Westchestergov.com Airport

Stormwater Management

Image of neighboring marshWestchester County Airport, as part of its effort to protect the environment, monitors the quality of stormwater discharges from the airport to Blind Brook and tributaries to Rye Lake.

This water quality monitoring is conducted in accordance with a stormwater discharge permit – State Pollution Elimination Discharge System (SPDES) Permit No. NY0075132 – issued by the New York State Department of Environmental Conservation (NYSDEC) pursuant to the Federal Clean Water Act.  This insures that the Kensico Reservoir and Blind Brook are not adversely impacted by activities at the airport. 

Currently, the airport environment department collects water samples from five water quality sampling points on the airport every month. These samples are submitted to a certified water quality testing laboratory for analysis of the water quality “parameters” specified in the Airport’s SPDES permit. Based upon the laboratory’s results, the environmental department completes a monthly Discharge Monitoring Report (DMR) and submits it to the NYSDEC. 

To further insure the protection of the Kensico Reservoir from possible impacts due to aircraft deicing operations at the airport, the Westchester County Department of Health and the airport have voluntarily conducted a drinking water quality monitoring program since 1999. Whenever the Airport needs to apply more than 2,000 gallons of aircraft deicing fluid to aircraft during a 24-hour period, the airport environment department notifies the Department of Health’s Bureau of Environmental Quality. The Bureau of Environmental Quality then collects samples at seven locations in the water distribution system and these samples are sent to a certified laboratory for analysis.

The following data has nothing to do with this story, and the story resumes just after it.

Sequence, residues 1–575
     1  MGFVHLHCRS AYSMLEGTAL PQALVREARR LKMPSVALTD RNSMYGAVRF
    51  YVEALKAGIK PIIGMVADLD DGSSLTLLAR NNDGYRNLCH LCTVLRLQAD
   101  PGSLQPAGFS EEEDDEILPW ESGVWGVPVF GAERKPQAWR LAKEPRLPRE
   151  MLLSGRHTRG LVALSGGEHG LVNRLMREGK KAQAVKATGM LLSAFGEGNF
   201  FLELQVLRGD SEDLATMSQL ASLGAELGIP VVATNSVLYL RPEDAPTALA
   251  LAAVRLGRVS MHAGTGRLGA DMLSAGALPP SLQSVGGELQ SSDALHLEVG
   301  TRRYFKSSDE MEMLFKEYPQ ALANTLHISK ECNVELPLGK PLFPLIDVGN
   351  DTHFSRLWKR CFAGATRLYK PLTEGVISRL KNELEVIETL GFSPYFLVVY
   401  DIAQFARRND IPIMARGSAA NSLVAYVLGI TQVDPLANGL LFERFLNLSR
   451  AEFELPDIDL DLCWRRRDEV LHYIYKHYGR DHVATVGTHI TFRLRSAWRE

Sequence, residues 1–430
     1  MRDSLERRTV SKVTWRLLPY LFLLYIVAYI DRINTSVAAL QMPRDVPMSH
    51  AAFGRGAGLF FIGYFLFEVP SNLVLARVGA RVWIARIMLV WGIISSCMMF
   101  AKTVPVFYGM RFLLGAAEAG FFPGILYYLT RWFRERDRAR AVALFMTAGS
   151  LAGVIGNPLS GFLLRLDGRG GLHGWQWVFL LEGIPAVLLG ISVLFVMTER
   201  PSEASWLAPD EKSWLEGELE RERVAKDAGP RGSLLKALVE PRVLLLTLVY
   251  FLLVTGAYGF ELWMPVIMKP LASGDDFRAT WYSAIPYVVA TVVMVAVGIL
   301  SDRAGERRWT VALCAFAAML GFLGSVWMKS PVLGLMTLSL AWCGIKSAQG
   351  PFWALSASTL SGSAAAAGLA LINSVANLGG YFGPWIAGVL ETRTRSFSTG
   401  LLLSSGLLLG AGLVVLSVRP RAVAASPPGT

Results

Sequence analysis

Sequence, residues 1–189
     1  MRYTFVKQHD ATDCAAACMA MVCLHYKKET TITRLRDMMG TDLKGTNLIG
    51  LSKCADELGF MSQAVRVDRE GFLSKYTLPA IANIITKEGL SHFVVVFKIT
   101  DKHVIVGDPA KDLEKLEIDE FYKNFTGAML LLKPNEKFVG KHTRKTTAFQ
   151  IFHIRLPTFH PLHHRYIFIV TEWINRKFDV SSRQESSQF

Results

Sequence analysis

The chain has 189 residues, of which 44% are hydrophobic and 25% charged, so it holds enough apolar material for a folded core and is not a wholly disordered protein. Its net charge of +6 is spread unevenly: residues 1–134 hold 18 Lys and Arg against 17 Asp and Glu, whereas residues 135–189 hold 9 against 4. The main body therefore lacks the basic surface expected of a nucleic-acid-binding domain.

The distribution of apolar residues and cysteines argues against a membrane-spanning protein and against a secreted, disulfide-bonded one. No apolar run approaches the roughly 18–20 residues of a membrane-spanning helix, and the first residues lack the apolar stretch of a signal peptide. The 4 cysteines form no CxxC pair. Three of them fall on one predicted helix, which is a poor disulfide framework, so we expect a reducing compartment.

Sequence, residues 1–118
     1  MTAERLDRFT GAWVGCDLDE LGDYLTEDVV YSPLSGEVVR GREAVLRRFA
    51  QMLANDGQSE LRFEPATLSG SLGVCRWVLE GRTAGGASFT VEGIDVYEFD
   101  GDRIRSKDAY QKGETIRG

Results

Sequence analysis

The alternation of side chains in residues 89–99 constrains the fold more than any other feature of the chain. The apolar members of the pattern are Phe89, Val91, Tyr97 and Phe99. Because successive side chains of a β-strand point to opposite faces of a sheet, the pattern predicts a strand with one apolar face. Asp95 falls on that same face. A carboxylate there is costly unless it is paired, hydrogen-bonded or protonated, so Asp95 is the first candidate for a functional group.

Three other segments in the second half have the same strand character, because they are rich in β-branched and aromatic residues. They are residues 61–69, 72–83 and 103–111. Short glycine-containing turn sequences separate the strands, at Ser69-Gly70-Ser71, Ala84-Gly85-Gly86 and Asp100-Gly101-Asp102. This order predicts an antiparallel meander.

Over the 10 years this voluntary water quality monitoring has been conducted, no indication of adverse impact of airport deicing operations has been observed.

To protect waterways surrounding the airport from polluted runoff caused by chemicals such as fuel spills, the airport has installed catch basin inserts in the critical storm drains and currently has 54 ‘Ultra-Urban Filters’ in place. 

The airport has also been singled out by stormwater professionals for its extraordinary efforts to protect water quality as part of its environmental management system.

In 2010, the airport worked with a consultant to update its Stormwater Management Plan to improve its protection of water quality. The airport also wants to assure communities in the Blind Brook watershed that it is meeting its responsibilities of mitigating stormwater runoff impacts.